Any use of children in conflict constitutes grave violation of their rights, UNICEF says
BAKU, Azerbaijan, Oct. 16
Any use of children in conflict constitutes a grave violation of their rights, Chulho Hyun, Chief of Communication, UNICEF Regional Office for Europe and Central Asia told Trend.
He noted that UNICEF is unable to independently verify the content of this video.
"Any use of children in conflict constitutes a grave violation of their rights. We urge all parties to protect civilians and civilian infrastructure from further harm, in line with international and humanitarian law. UNICEF teams in Armenia and Azerbaijan are engaging with local partners to offer humanitarian assistance to affected children," Hyun said.
A video was published on Telegram, showing footage of what looked like a school military training session. The training was conducted under the supervision of military servicemen, with the presence of teenagers in civilian clothes.
According to foreign intelligence services, several children's camps for Armenian terrorists have been set up in the highlands of Karabakh and Armenia, where teenagers undergo ‘psychological washing’ for their subsequent participation in the war.
Armenian Armed Forces launched a large-scale military attack on positions of the Azerbaijani army on the front line, using large-caliber weapons, mortars, and artillery on Sept. 27.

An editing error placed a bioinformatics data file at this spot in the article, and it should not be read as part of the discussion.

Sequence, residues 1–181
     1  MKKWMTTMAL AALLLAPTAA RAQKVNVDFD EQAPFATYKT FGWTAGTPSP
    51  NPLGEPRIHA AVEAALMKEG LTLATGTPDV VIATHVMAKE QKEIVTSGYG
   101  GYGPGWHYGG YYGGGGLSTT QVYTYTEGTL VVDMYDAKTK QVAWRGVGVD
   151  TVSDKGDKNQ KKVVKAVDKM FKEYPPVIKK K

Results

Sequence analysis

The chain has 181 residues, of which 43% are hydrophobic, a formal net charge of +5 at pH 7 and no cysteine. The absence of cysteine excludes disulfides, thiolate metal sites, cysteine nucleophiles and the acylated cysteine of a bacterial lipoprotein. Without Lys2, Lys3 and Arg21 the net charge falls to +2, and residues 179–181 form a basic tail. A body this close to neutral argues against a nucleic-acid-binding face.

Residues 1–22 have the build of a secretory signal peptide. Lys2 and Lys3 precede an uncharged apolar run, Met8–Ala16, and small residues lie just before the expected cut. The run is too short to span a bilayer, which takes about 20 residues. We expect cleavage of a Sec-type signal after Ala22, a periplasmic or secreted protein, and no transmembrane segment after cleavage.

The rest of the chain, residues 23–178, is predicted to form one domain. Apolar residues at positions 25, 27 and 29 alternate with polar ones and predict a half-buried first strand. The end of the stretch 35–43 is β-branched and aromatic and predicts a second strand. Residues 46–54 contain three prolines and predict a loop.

Azerbaijan responded with a counter-offensive along the entire front. As a result of retaliation, Azerbaijani troops liberated a number of territories previously occupied by Armenia, as well as take important, strategic heights under control.
The fighting continued into October 2020, in the early days of which Armenia has launched missile attacks on Azerbaijani cities of Ganja, Mingachevir, Khizi as well as Absheron district.
Following almost two weeks of intensive military confrontations, Armenia and Azerbaijan, with Russia's mediation, have agreed on a temporary ceasefire for humanitarian purposes, for exchange of prisoners of war as well as bodies of the dead.
The conflict between the two South Caucasus countries began in 1988 when Armenia made territorial claims against Azerbaijan. As a result of the ensuing war, Armenian armed forces occupied 20 percent of Azerbaijan, including the Nagorno-Karabakh region and seven surrounding districts.
The 1994 ceasefire agreement was followed by peace negotiations. Armenia has not yet implemented four UN Security Council resolutions on the withdrawal of its armed forces from Nagorno Karabakh and the surrounding districts.